Monday, March 18, 2013


Author: Ally Condie
Author's Website:
Publisher: Dutton (Penguin)
Agent: Jodi Reamer
Editor: Julie Strauss-Gabel
Released: November 13, 2012
Genre: YA Dystopian
Series: Matched #3
Source: Library
After leaving Society to desperately seek The Rising, and each other, Cassia and Ky have found what they were looking for, but at the cost of losing each other yet again. Cassia is assigned undercover in Central city, Ky outside the borders, an airship pilot with Indie. Xander is a medic, with a secret. All too soon, everything shifts again.
This is a good conclusion to the series. I was a bit puzzled by it, since the focus seems to have shifted from rebelling against the inability to choose to fighting a Plague, but I did enjoy the book. On its own, not as part of an ideological trilogy, the book provides a hint of intrigue and a bit of suspense.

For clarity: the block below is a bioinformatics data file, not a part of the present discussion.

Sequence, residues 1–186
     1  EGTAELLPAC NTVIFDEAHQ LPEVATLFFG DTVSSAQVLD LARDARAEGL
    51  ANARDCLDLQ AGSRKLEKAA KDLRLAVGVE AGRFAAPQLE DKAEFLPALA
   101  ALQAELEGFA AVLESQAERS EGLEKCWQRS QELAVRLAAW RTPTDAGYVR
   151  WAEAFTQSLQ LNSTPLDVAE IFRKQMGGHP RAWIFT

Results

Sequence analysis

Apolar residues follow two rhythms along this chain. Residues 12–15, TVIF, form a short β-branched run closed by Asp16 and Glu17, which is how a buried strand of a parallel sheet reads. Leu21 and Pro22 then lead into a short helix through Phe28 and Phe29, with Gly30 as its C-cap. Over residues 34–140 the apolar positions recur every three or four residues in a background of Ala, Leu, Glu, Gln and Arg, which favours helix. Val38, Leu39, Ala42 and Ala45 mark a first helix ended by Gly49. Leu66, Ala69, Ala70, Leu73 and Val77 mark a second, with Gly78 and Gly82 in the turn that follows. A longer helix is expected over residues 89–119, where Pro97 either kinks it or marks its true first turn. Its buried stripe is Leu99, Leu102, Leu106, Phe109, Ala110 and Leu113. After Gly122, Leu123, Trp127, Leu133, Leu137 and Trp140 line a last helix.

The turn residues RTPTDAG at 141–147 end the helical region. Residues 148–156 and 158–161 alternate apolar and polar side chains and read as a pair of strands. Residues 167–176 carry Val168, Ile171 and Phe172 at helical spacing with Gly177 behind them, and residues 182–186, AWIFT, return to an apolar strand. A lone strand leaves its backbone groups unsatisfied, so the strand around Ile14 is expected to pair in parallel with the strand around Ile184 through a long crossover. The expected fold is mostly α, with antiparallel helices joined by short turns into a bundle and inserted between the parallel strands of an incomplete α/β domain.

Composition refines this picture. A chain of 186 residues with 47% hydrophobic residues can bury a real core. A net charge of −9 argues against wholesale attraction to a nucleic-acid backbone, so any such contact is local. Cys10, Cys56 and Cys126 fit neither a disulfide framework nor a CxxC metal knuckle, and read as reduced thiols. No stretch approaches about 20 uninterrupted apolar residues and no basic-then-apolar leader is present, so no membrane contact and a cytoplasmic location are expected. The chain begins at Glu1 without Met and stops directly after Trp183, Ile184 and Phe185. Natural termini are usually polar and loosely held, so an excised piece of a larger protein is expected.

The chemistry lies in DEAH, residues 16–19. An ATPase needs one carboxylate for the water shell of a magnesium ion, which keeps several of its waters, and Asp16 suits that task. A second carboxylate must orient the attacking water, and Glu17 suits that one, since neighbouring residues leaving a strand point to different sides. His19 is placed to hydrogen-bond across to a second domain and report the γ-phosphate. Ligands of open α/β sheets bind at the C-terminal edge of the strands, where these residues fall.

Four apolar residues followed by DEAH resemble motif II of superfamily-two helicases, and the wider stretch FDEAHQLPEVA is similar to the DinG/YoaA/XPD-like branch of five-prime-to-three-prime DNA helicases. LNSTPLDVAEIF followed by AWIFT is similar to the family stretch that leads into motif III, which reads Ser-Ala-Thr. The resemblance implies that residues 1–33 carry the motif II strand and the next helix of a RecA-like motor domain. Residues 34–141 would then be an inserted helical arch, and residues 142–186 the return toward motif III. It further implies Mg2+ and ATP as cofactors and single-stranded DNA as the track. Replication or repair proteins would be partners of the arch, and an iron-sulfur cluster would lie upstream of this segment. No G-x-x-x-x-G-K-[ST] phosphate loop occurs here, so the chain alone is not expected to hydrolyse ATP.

I'm having a hard time writing about the book, because I don't want to give the impression that I don't like it. I do. But it's a low-key, slow-paced book. There's a sort of elegant understated quality to the tone of the storytelling, whether it's Cassia, Xander, or Ky narrating that chapter. For me, it gave a sense of the naivete that these three have, even as they've gone through so much. They still know so little about the Society and the Rising and Pilot. By the end of the book, they grow out of this naivete, and in fact the focus turns back to the gift of choice winning out over security.

I love how the love plays out in this series. By this point, Cassia has no doubts about who she chooses, and the way she handles Ky and Xander is beautiful. It's also great that Xander gets his own resolution in the love department, not just that Cassia and Ky live happily ever after. Again, the end of the book goes back to the issue of choice, and it plays out nicely for the emotions of the characters.

I just felt like the book was longer than it had to be, with the pacing a bit slow. It was a great read for a slow day at work when I had a lot of downtime! But there's very little sense of urgency through most of the book, even when finding a cure now or a few minutes later means the life or death of a few hundred people. Still, I enjoyed the slow ride of the book.

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